Digitalisation affects every organisation, like it or not. Adaptation and transformation is essential. But how? By bringing in a ”digital” person with experience from one of the big tech companies? Probably not. To find the right person, you will need to look outside their CV.
In 2016, Canadian prime minister Justin Trudeau visited the Perimeter Institute for Theoretical Physics. A press conference was held, where a journalist asked a question and casually insinuated that he didn’t expect the prime minister to be able to explain quantum computing. Then, this happened:
To the audience’s delighted surprise, the prime minister effortlessly explained quantum computing versus traditional computing. It went viral.
In this scenario, not only did Mr. Trudeau prove himself to be knowledgeable in quantum computing. He also proved himself to be an expert generalist. Which is precisely the type of people needed to transform organisations on the top most level.
Digital experts …
Companies looking to digitalise their business quite often try to take a shortcut by hiring a “digital executive.” This competence is often identified in individuals’ CV’s by positions in a digital company, such as Alphabet, Facebook or Apple. However, this is not necessarily a solution.
This usually leads to a dead end, where the “digital” person is creating and recommending solutions that are eventually killed off, because they are not integrated into the corporate strategy. Projects around trendy topics such as analytics, big data and blockchain are obviously natural topics for tech giants, but not necessarily for other companies.
However, if your input is based on these technological topics alone, you are very quickly dismissed as a contributor to the “digital strategy” rather than “corporate strategy.” Most companies have a hard time consolidating their digital strategy with their corporate strategy. A truly great leader will understand the business and is able to apply a wider variety of knowledge to develop the business.
… vs expert generalists
The term expert generalist is attributed to Orbit Gadiesh, who defined it as ”someone who has the ability and curiosity to master and collect expertise in many different disciplines, industries, skills, topics, capabilities etc”. In other words, an expert generalist is someone who doesn’t have a PhD level of understanding of everything, but who knows a lot about many topics. True leaders who understand a big variety of topics and themes, and who know how to apply that kind of knowledge. Jiji Majiri Ugboma writes about the topic in a manner that I feel catches the point excellently.
Being versed in a wide variety of topics should be the main focus for boards and management teams, and expert generalists should be the target to develop and recruit into the top management.
A holistic approach to digitalisation
The challenge with finding the right persons for leading positions is that expert generalism is a quality that is very hard to quantify, which means that people don’t know yet how to describe it in their CV, or look for it. That’s where the expertise of a board recruitment and executive search consultancy comes in.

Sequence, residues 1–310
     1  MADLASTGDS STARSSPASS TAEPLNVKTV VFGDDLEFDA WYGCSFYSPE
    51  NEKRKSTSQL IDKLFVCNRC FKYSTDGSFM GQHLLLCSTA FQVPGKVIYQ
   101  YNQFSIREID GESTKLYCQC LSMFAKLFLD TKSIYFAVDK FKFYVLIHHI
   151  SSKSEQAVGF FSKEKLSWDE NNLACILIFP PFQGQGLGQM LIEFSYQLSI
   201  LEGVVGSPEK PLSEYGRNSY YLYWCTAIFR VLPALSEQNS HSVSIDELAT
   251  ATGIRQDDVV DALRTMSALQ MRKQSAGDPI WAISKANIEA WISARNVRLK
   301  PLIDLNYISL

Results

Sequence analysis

When we interview candidates, we ask them about their experience starting from corporate strategy and slowly move towards topics they are familiar with. We call this the philosophy of true digitalisation – how does it allow us as individuals to work better, what are the big topics that can be transformed, etc.
The candidates that usually talk about digitalisation on a technical level or about using it as an efficiency tool are usually the ones who start up projects around technologies, projects where technology is the driver rather than the need to solve a problem. The right candidates, on the other hand, talk about need based development on a very holistic level.
Chief Electricity Officer
As an analogy, consider this: In the change of the 19th and 20th centuries, organisations may have had a Chief Electricity Officer, whose role was to make sure that the recently introduced commodity called electricity was properly utilised.
The less successful manufacturing companies changed their big steam engine in the center of their factories to an electric engine and utilised the existing pulley and gear system to transport energy to the drills and lathes. Whereas the more forward looking companies removed the large engine altogether and added smaller electric motors to the tools, thus eliminating the complex maintenance of the system.
The initial lure of the electric motor was the energy savings compared to coal, but the success came from the indirect savings (as excellently described by Warren Devine Jr. in “From Shafts to Wires” 1983, The journal of Economic History).
These days there aren’t many Chief Electricity Officers left on the boards or management teams – we expect everyone to know what electricity is and how to use it in their respective fields and include it in the corporate strategy.
The same should go for digitalisation. For transformation, don’t look for digital board members. Look for board members that make your business digital.